Quercus robusta

C. H. Muller

Torreya 34: 119. 1934.

Conservation concernEndemicIllustrated
Treatment appears in FNA Volume 3.

Trees, deciduous, to 13 m. Bark brown or black, roughly furrowed. Twigs dark reddish brown, 1.5-2.5 mm diam., densely pubescent or glabrate. Terminal buds glossy light brown, acutely ovoid, 4-7 mm, glabrous or pubescent on apical 1/2. Leaves: petiole 5-20 mm, pubescent or glabrate. Leaf blade acutely ovate to elliptic, widest at or proximal to middle, 55-120 × 20-50 mm, base cuneate to rounded or subcordate, margins with 6-8 teeth or shallow lobes with rounded sinuses, rarely entire, 1-10 awns, apex acute or attenuate; surfaces abaxially glabrous except for small axillary tufts of tomentum or pubescent along midrib, adaxially glabrous or persistently pubescent near base and along midrib. Acorns biennial; cup deeply cup-shaped, 6-9 mm high × 8-12 mm wide, covering 1/4-1/3 nut, outer surface puberulent or glabrate, inner surface uniformly pubescent, scales tightly appressed, acute or attenuate; nut oblong to broadly ellipsoid, 10-22 × 7-10 mm, glabrate, scar diam. 3.5-4.5 mm.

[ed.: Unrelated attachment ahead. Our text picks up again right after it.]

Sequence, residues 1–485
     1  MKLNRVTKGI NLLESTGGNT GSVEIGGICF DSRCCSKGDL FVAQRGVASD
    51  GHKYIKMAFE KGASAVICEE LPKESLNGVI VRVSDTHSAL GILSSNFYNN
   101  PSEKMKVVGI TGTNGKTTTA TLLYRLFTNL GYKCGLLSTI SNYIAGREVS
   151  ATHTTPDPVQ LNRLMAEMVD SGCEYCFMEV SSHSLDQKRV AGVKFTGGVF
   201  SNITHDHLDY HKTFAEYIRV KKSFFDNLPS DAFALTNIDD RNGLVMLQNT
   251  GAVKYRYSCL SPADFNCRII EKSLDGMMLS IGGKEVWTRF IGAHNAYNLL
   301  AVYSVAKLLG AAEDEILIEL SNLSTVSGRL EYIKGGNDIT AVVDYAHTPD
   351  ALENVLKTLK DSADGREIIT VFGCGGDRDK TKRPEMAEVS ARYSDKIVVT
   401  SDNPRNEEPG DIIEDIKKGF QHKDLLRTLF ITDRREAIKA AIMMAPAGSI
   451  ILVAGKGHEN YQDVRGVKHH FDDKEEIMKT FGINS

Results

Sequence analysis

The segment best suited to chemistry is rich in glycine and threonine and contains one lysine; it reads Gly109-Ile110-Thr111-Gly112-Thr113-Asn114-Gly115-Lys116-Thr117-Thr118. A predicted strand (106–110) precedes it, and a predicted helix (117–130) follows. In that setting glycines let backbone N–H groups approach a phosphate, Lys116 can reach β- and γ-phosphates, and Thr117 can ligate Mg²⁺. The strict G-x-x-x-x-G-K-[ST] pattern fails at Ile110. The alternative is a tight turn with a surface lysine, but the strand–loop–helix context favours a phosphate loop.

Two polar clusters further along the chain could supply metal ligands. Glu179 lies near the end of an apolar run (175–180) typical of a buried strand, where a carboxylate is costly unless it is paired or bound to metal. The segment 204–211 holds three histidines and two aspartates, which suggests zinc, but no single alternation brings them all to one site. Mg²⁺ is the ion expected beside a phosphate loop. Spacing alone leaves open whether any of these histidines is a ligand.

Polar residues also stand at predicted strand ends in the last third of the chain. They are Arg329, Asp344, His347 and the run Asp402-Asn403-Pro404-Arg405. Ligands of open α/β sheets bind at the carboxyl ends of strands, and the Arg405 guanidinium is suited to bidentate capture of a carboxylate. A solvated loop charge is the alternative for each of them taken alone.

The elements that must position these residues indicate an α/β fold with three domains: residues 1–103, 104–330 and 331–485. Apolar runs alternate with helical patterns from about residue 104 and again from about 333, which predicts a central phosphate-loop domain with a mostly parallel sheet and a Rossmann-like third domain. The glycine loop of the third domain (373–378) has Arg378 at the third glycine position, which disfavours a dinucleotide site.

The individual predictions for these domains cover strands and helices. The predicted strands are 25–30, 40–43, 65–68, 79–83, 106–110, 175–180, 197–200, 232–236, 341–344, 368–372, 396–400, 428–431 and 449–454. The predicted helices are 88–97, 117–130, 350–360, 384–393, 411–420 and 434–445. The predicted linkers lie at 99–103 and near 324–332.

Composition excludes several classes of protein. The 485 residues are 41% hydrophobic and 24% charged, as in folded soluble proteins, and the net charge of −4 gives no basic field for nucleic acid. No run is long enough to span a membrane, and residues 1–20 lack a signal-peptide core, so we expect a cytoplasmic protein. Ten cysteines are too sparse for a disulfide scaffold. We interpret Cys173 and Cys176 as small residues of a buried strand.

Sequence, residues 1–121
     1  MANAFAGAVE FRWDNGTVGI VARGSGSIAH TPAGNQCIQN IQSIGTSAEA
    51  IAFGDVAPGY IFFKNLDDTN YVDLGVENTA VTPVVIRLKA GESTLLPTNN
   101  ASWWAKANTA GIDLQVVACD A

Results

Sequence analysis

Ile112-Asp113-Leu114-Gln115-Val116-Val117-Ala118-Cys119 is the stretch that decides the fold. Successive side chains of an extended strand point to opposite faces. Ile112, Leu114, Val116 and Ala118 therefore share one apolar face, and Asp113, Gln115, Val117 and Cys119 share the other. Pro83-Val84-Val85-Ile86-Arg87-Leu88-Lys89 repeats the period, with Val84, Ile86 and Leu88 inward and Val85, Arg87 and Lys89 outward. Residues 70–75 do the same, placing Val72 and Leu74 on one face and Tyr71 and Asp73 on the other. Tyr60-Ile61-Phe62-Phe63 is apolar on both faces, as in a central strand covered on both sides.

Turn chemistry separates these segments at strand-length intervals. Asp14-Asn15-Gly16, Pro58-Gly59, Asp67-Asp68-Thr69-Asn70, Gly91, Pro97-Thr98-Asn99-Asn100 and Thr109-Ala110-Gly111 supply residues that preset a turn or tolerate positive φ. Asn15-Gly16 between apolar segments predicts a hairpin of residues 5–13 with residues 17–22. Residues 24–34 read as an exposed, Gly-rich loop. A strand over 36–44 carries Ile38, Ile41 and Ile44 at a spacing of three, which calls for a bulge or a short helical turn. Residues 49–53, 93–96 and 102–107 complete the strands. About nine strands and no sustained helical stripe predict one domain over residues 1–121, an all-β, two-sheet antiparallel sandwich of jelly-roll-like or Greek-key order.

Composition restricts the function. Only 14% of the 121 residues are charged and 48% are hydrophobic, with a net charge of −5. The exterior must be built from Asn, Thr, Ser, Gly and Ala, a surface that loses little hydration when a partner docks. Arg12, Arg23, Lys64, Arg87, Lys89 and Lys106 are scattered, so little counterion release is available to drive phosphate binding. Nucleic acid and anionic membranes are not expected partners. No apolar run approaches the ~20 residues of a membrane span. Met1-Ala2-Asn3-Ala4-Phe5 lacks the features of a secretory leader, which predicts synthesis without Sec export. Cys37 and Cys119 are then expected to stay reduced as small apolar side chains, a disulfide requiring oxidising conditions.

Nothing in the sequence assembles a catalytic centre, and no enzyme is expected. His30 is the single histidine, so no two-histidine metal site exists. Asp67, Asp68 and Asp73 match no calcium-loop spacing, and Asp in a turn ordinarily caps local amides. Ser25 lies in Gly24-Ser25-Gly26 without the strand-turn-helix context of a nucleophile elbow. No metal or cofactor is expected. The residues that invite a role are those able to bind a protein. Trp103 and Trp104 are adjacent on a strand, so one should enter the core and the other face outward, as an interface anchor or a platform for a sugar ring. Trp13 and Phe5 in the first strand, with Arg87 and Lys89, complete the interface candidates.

Phenology: Flowering spring.
Habitat: Moist wooded canyons in Chisos Mountains
Elevation: 1500 m


Of conservation concern.

After describing this species, C. H. Muller later (1951, 1970) concluded that it represented a hybrid between Quercus emoryi and Q. gravesii. The extreme forms (e.g., the type specimens) of Q. robusta and Q. gravesii are easily differentiated, but these two taxa appear to occupy the ends of a morphologic continuum. Muller's recent view, however, is that Q. robusta deserves species status. The origin of this taxon is still worthy of study.

Selected References


Lower Taxa